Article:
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Captain Caveman and The Teen Angels: The Complete Series
DirectorCharles A. Nichols
Release Date(s)1977-80 (July 23, 2013)
Studio(s)Hanna-Barbera (Warner Archive)
Even as a kid, I wasn’t a big fan of Scooby-Doo. The characters weren’t all that appealing and the show’s formula quickly became repetitive and boring to me. I did, however, like that one series that paired the gang up with a seemingly random parade of bizarre guest stars like Sonny and Cher and Batman and Robin. That one was just weird.
And yet, I was a fan of a lot of the other members of Scooby’s extended TV family, like Dynomutt and Blue Falcon and Captain Caveman. I don’t suppose there’s any great, deep-seated reason behind that preference. Those characters were superheroes and superheroes were a lot more interesting to me than a bunch of meddling kids and an enormous, omnivorous Great Dane.
Cavey made his debut as part of the Scooby’s All-Star Laff-A-Lympics cartoon block. It’s one of those shows whose entire premise is summed up in the opening credits narration. “Set free by the Teen Angels from his prehistoric block of glacier ice, comes the world’s first superhero, Captain Caveman! Now the constant companion to the Teen Angels – Brenda, Dee Dee and Taffy – in their hilarious and sometimes scary mystery missions!”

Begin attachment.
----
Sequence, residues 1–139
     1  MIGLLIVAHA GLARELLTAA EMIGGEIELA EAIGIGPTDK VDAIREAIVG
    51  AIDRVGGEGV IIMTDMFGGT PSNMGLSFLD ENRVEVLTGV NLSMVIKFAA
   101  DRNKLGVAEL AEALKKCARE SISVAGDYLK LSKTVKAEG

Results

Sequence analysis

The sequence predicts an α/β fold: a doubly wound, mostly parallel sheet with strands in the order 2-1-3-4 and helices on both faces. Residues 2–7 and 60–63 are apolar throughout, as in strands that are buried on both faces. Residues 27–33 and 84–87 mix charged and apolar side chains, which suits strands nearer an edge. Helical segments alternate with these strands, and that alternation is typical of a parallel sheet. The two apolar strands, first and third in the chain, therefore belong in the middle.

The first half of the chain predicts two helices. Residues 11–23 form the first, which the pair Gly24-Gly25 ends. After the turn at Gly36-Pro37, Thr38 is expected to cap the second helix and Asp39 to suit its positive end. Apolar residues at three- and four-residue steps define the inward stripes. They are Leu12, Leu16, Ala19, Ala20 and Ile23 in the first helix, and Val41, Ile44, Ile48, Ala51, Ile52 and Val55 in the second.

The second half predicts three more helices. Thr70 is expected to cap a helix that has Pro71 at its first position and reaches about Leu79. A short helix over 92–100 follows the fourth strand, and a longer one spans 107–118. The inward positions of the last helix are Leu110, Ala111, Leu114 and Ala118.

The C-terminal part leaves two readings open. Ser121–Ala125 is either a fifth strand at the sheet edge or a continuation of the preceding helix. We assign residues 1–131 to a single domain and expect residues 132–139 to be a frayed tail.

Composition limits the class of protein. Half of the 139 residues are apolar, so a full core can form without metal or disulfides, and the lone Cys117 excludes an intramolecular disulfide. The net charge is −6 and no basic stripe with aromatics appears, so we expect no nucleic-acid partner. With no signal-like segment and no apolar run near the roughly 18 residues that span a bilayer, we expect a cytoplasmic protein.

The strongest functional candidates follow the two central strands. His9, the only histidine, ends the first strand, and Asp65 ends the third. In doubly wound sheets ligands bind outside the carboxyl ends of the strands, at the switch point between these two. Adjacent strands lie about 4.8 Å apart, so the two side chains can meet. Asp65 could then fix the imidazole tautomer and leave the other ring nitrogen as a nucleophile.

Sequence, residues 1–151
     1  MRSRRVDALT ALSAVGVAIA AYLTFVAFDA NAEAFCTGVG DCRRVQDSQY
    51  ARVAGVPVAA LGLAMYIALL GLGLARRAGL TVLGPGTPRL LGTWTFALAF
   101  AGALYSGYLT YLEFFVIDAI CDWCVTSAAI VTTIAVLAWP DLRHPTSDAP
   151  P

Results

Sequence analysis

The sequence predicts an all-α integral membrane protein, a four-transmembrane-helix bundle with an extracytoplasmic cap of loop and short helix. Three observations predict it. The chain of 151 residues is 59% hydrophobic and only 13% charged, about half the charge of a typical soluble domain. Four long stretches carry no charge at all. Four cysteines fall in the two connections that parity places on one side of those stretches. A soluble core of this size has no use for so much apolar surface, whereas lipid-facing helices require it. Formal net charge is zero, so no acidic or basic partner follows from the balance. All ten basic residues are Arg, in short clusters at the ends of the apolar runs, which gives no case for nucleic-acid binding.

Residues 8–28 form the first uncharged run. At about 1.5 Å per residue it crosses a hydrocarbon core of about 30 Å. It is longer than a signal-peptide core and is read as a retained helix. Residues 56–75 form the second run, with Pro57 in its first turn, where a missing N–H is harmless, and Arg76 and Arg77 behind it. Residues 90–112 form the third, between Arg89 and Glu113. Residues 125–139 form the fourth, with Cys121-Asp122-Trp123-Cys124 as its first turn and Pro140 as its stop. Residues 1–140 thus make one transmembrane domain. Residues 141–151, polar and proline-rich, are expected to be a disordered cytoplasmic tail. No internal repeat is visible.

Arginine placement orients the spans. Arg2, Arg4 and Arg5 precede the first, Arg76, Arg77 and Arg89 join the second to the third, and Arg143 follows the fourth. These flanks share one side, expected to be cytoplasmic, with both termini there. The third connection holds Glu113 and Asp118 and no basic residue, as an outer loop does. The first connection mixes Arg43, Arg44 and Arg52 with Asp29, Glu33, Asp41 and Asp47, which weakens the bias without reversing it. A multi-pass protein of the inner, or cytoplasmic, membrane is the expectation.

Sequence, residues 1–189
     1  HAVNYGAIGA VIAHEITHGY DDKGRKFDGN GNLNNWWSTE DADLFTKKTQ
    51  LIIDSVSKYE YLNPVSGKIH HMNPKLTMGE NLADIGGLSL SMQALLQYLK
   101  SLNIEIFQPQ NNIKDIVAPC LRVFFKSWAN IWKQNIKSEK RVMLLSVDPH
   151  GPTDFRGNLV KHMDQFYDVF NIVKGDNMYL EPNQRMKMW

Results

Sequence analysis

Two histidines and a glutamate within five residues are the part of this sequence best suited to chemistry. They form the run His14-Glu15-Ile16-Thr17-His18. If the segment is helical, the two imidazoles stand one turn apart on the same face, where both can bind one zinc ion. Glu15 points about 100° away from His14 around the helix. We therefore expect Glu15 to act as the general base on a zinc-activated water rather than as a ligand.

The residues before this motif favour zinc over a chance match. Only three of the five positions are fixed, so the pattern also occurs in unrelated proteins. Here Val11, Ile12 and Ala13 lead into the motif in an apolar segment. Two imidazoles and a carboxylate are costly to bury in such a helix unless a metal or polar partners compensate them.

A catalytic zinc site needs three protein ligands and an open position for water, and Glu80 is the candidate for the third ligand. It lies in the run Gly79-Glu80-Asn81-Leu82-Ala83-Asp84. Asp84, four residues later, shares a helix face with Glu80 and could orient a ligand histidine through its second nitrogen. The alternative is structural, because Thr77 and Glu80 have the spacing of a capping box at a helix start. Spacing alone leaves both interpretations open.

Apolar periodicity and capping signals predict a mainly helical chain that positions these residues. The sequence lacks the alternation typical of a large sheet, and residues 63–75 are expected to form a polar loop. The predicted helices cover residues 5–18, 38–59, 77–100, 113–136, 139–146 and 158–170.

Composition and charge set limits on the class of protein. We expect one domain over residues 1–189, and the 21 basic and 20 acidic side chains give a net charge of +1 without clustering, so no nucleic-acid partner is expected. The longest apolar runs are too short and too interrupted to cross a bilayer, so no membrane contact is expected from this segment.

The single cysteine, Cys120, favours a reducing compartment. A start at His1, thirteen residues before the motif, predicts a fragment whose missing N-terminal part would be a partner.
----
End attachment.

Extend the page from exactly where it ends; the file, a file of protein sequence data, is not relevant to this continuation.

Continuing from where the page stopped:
Like virtually every other Hanna-Barbera cartoon of the 70s, Captain Caveman establishes its formula and sticks to it. The Teen Angels (like Charlie’s Angels but, interestingly enough, more racially diverse) stumble onto a mystery that needs solving, usually involving monsters. Cavey aids and protects with his all-purpose club, unreliable power of flight, and ubiquitous battle cry.
It’s virtually impossible to review a title like this without the rose-colored glasses of nostalgia but the show holds up nicely. If you liked it as a kid, like I did, you’ll probably enjoy revisiting it, although the strict adherence to formula makes marathon viewing a challenge. If you’re introducing it to your kids for the first time, they’ll more than likely have fun, although some of the 70s references are going to go right past them. But Cavey is a fun, likable character and the Teen Angels are smart, resourceful and refreshingly free of annoying character tics.
Warner Archive’s Complete Series set collects all 40 adventures of the good Captain spread out over two discs. The episodes look surprisingly good with bright, vivid colors and remarkably clean source material. There aren’t any bonus features but that’s hardly a surprise.
There isn’t a lot of middle ground when it comes to Hanna-Barbera’s Saturday morning fare. You either love it or you hate it. For those of us who drove our parents nuts mimicking Cavey’s signature battle cry, Captain Caveman And The Teen Angels is a fun retro trip back to our childhood. I recommend watching it with a box of Cap’n Crunch in your lap.
- Dr. Adam Jahnke